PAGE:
Tuesday, May 24, 2011

St. Louis Good Friday Tornado Update

As we watch tornadoes flatten Joplin Missouri, Oklahoma City, and now the Joplin area again, St. Louis county is still recovering from its own EF4 tornado a month later. That tornado tore through several municipalities, destroying thousands of homes, hundreds of businesses and doing severe damage to Lambert International Airport.

Tuesday, May 24, Congressman Clay hosted a telephonic town hall along with Libby Turner from FEMA, Mark Randall from the SBA and the mayors from three of the cities hardest hit Maryland Heights, Berkeley and Bridgeton: Mike Moeller, Kyra Watson, and Conrad Bowers. They gave updates on the recovery efforts and took select questions from the thousand or so callers.

The FEMA and SBA representatives started out by giving information about how to request assistance. The most important points, for those seeking assistance, is to contact FEMA to begin your application for assistance, details of which can be found on their website at http://www.fema.gov/assistance/index.shtm, by phone 800-621-FEMA, or their mobile site http://m.fema.gov. From there, they will send you paperwork to apply for grants from FEMA for everything from housing and personal loss to medical and funeral assistance. Also, they will send you applications for very low rate SBA loans to assist you in ways FEMA is not allowed to such as deductible coverage. In response to a question from the Post Dispatch's media representative, Lisa Brown, Ms. Turner and Mr. Randall explained that $610,000 in grants have been approved and over 600 SBA loan applications have been processed for homeowners and many area businesses.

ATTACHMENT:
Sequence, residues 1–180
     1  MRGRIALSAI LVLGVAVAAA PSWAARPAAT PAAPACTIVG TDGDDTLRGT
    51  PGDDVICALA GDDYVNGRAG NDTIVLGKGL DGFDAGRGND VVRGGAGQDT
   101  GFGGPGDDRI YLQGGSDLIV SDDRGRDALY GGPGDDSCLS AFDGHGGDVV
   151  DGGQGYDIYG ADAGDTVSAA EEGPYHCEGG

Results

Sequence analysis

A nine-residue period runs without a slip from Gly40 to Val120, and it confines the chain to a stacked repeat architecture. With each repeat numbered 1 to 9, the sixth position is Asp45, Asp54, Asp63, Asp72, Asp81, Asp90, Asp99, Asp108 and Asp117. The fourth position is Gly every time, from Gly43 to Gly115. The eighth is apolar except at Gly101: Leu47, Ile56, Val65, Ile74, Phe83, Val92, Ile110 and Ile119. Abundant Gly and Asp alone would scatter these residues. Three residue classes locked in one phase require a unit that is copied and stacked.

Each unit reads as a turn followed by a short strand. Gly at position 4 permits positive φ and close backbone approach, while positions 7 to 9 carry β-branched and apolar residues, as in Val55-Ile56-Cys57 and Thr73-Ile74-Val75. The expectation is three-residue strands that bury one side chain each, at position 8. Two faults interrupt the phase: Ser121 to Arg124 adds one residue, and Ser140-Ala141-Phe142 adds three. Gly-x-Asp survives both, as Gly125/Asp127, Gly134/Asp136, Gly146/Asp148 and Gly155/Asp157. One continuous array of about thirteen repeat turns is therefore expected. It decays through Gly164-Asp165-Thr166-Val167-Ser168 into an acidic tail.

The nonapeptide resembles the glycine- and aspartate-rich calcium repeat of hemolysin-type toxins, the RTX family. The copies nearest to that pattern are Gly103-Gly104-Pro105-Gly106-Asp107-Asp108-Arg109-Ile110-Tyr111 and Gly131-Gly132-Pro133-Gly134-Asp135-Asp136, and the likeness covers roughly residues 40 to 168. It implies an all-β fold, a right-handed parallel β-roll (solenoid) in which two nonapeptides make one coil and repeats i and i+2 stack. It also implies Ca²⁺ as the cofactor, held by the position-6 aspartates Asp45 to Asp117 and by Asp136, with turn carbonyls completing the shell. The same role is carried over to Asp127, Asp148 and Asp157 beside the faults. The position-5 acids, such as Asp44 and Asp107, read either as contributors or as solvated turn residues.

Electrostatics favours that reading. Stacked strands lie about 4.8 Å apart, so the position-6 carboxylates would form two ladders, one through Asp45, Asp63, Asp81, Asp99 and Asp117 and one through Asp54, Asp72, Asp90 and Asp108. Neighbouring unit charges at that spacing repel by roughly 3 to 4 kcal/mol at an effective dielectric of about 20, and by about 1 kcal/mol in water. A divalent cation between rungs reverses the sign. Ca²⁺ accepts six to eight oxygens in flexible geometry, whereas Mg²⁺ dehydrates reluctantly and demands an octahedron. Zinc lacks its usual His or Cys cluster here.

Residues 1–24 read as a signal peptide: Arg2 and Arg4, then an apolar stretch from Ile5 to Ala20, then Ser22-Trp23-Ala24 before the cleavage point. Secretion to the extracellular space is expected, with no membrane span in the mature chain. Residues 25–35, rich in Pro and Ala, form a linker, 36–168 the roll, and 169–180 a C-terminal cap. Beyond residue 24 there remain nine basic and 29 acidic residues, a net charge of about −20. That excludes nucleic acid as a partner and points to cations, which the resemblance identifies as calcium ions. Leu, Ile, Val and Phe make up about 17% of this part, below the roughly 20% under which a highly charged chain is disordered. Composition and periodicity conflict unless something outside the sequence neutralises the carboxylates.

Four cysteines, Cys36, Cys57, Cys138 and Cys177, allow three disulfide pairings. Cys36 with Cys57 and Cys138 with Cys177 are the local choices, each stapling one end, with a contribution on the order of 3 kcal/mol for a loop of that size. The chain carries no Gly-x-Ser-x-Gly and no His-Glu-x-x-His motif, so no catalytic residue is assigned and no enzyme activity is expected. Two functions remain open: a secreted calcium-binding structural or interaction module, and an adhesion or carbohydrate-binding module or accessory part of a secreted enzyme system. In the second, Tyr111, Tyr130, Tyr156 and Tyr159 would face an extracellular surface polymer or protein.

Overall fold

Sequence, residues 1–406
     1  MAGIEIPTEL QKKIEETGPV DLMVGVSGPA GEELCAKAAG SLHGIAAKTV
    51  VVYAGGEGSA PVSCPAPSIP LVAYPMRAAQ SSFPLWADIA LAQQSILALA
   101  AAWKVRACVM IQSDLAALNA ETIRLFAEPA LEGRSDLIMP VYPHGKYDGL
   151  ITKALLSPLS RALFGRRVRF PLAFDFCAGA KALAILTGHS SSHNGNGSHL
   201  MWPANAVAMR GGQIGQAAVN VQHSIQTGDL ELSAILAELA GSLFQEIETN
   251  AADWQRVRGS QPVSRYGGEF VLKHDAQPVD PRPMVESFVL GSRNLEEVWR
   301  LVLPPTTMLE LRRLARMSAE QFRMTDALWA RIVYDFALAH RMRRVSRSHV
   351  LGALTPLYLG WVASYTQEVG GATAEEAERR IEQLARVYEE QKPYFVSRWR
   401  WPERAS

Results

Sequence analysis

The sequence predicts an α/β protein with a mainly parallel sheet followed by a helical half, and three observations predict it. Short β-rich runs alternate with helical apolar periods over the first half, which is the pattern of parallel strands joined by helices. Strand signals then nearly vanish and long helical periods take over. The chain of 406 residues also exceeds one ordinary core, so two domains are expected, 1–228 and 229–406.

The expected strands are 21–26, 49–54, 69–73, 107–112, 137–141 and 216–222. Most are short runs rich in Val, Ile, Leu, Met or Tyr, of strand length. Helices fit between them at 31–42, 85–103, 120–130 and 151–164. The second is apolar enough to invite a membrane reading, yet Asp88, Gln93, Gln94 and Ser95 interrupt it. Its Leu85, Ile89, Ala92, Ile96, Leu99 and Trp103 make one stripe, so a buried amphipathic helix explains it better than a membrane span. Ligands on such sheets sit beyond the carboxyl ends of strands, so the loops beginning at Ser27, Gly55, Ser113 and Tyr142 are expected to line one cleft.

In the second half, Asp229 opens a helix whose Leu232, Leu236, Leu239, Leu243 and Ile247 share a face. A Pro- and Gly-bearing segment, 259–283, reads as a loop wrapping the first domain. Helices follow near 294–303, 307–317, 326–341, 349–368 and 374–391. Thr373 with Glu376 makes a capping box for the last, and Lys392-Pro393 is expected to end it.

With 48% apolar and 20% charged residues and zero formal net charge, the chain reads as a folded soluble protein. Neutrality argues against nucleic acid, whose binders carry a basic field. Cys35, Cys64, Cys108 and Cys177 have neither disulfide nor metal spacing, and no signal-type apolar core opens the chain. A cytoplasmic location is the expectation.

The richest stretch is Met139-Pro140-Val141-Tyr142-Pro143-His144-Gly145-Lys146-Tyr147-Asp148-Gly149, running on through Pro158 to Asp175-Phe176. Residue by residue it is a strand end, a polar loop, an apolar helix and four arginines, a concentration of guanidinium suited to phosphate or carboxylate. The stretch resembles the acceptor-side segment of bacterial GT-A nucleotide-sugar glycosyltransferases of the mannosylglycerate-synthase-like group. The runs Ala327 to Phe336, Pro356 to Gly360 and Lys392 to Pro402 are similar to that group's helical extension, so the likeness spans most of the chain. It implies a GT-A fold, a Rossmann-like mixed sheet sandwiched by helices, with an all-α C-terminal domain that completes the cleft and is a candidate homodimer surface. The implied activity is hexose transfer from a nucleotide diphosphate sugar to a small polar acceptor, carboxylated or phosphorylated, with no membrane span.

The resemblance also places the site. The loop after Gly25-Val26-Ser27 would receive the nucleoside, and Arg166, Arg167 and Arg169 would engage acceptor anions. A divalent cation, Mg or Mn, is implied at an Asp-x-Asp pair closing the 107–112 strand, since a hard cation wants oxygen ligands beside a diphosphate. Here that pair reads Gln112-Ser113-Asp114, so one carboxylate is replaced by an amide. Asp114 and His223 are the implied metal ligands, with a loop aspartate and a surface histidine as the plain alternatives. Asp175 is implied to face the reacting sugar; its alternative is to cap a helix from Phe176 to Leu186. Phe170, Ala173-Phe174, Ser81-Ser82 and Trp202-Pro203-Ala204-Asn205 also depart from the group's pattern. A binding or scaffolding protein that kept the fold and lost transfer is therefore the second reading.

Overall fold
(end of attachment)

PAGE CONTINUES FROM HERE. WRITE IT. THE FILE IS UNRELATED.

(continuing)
The mayors then discussed the current status of the recovery. In the three municipalities represented, more than 1100 residences have been damaged, about ten percent of those flattened or in other ways left unlivable. Bridgeton alone has spent about $2.5 million on the recovery effort. All the mayor praised the volunteers and aid, both from other municipalities in the area and numerous private aid organizations. "FEMA cooperation has been outstanding," Moeller said. More volunteers are still needed, as clean up is expected to continue throughout the summer according to Mayor Watson.

During the question in answer session that came next, many of these details were expanded upon and a number of other issues were brought out. A Ms. Booker and another caller, Arlene, asked why the government is giving those in need loans when they really don't need to take on more debt. Ms. Turner explained that FEMA only offers grants, potentially totaling up to $30,200 while the SBA offers loans and works very hard with the home owner to make the terms as generous as possible, including rates as low as 2.68% and repayment plans as long as 30 years.